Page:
Hayley MacPhail has 20 years experience as a mediator and educator. She specializes in Family Mediation, and teaches an online mediation course at Kompass Professional Development.
If you're considering becoming a mediator (or just want to improve your conflict resolution skills), selecting the right training program can be a major challenge. There are so many options out there.The field of mediation isn't regulated in Canada; however, those who want to be taken seriously earn the Qualified Mediator (Q. Med) designation with the ADR Institute.
So, your first order of business is to find an ADR-accredited mediation program. And then you'll need to decide which format you want: on ground, online, part time, full-time...
Plus, you'll need to consider how the training is structured, who the instructor is, and what real skills you'll walk away with.
To sort it all out, there's no one better to talk to than Hayley MacPhail. An educator and professional mediator for over 20 years, Hayley teaches the online Mediation for Professionals Certificate at Kompass.
We interviewed her to get a clearer picture of how an accredited online mediation course works. She explains training, key skills, career paths, and what students find most rewarding about this training.
Here's what you can expect in Hayley's class—and some expert tips on how to succeed as a mediator.
Q: Hayley, can you give us a little background on your experience as a mediator and educator?
Hayley: I have been a mediator for 20 years. I started my training by taking courses with the University of Toronto’s ADR program in 1998, and then later added Family Mediation and Collaborative Practice courses.
After completing my master’s degree in adult education in counselling psychology, I began working as a counsellor. My focus was researching and promoting child-centred parenting plans, and developing an interdisciplinary service for separating families.
My goal was to help people navigate the changing needs of their separating families and help them thrive during a very stressful time.
I worked with family lawyers and co-mediated disputes during a time when family law was expanding beyond the traditional adversarial court processes. Clients began to have more voice and autonomy to resolve their own issues.
For me, both personally and professionally, working as a mediator and with other forms of alternative dispute resolution is my preferred manner of creating positive change.
Alternative dispute resolution is a wonderful, stimulating field that continues to evolve, while promoting and leading the changes needed to address conflict.
Q: What are the main skills you teach in the Mediation for Professionals Certificate? What do students walk away with?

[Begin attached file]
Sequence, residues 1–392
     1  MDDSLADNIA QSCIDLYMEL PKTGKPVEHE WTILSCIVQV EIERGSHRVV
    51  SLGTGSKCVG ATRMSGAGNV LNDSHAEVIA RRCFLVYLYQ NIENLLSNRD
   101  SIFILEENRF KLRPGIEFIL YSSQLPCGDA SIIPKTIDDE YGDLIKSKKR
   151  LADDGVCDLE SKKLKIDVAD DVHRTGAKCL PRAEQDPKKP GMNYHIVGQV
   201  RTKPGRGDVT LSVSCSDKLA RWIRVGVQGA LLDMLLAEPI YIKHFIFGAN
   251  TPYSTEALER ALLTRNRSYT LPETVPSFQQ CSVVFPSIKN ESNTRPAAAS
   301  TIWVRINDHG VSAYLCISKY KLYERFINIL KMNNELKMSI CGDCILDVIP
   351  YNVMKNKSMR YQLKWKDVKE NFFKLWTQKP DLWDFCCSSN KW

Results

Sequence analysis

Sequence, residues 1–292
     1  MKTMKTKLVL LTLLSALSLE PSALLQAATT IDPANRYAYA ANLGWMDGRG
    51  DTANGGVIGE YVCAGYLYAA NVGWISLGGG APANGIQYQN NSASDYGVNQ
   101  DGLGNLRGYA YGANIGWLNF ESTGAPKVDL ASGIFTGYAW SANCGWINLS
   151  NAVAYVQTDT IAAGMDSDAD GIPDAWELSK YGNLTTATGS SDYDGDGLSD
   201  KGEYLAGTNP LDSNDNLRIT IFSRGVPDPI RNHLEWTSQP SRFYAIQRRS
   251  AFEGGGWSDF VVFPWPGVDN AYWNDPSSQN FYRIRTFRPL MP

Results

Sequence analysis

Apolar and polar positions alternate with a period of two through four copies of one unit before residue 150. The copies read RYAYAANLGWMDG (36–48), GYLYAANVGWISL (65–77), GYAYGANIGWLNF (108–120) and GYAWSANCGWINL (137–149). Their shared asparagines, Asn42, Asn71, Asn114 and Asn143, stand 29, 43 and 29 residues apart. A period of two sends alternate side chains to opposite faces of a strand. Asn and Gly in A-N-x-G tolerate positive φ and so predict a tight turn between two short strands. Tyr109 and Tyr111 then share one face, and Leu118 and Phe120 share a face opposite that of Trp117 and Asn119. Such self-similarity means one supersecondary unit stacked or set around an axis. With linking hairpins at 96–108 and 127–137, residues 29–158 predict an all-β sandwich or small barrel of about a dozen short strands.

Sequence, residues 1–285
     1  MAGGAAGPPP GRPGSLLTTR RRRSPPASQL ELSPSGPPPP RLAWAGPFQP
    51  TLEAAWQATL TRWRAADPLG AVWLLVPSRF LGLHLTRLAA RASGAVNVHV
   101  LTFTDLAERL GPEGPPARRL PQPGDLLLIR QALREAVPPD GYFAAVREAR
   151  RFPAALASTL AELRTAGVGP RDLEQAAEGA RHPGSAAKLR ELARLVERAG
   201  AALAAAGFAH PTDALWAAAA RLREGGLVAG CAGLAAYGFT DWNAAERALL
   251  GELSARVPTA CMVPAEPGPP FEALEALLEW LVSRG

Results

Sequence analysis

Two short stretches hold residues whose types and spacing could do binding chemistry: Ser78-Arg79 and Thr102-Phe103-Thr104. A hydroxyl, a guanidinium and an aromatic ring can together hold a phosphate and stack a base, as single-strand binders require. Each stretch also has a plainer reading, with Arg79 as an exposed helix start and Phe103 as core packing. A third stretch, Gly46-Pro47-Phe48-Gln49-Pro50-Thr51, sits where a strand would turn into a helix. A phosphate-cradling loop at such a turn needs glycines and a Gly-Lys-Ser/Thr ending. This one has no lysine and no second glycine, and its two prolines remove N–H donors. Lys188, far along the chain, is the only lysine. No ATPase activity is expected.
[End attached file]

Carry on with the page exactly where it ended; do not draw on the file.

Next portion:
Hayley: The main skills I teach in the Mediation Certificate are founded on my training and experiences as a counsellor.
Also, this program is accredited by the ADR Institute of Canada. So, learning goals are designed to match the educational component students need to earn their Qualified Mediator designation.
We focus on learning to become a facilitator. Mediators must be curious, ask questions, and encourage clients to tell their stories. The client has the answer to their problem—and it is our role to bring forth those moments of awareness and revelation.
Through coursework and role play, students learn to be non-judgmental, listen for solutions and possibilities, and understand the situation and needs of both parties.
Students also learn how to ask goal-directed and future-oriented questions, so clients can move forward and begin discussing goals and strategies for change.
Q: Who is this training designed for? What backgrounds do your students come from?
Hayley: Mediation attracts people from various professional backgrounds. Many students have subject matter expertise and want to mediate in a field they already know a lot about— such as construction, health, digital, and many more and newer areas.
The combination of subject matter expertise and a strong knowledge of mediation process allows graduates of this course to better navigate conflict in their fields.
Q: Is everyone in your class planning to become a professional mediator? Or are there other motivations for learning these skills?
Hayley: There are quite a few different goals and motivations at play here. For example, students often share their own challenges with conflict and the devastating effects it has had on their lives.
They've experienced workplace conflict with a colleague or a supervisor, or personal conflict with a neighbour or family member, or a divorce.
This is one reason why some students take the online mediation course—so they can strengthen their ability to handle conflict in their own lives.
Other students have experienced the positive effects of mediation while working through a personal or professional dispute. They were impressed with the results and are now interested in training to become mediators themselves. Or they believe learning these skills will enhance their professional skillset.
I've also had students who recently moved into managerial positions and want to build stronger listening and conflict resolution skills. Others have retired from a former career and are taking this training with the idea of doing mediation work.